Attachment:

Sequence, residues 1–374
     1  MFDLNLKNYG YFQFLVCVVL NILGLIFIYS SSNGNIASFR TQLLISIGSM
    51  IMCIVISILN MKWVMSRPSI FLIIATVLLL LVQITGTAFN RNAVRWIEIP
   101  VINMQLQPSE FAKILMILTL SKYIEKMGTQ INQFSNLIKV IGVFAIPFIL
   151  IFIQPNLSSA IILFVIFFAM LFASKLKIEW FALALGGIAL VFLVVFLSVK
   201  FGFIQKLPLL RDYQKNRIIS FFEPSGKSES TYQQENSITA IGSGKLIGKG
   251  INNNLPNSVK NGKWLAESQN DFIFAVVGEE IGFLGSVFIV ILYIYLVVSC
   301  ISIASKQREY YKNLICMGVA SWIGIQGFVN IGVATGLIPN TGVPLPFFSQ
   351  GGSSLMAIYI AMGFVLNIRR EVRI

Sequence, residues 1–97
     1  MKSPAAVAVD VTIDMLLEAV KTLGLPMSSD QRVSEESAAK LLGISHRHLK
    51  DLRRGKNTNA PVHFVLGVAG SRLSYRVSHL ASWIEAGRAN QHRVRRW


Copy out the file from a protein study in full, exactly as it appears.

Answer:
Sequence, residues 1–374
     1  MFDLNLKNYG YFQFLVCVVL NILGLIFIYS SSNGNIASFR TQLLISIGSM
    51  IMCIVISILN MKWVMSRPSI FLIIATVLLL LVQITGTAFN RNAVRWIEIP
   101  VINMQLQPSE FAKILMILTL SKYIEKMGTQ INQFSNLIKV IGVFAIPFIL
   151  IFIQPNLSSA IILFVIFFAM LFASKLKIEW FALALGGIAL VFLVVFLSVK
   201  FGFIQKLPLL RDYQKNRIIS FFEPSGKSES TYQQENSITA IGSGKLIGKG
   251  INNNLPNSVK NGKWLAESQN DFIFAVVGEE IGFLGSVFIV ILYIYLVVSC
   301  ISIASKQREY YKNLICMGVA SWIGIQGFVN IGVATGLIPN TGVPLPFFSQ
   351  GGSSLMAIYI AMGFVLNIRR EVRI

Sequence, residues 1–97
     1  MKSPAAVAVD VTIDMLLEAV KTLGLPMSSD QRVSEESAAK LLGISHRHLK
    51  DLRRGKNTNA PVHFVLGVAG SRLSYRVSHL ASWIEAGRAN QHRVRRW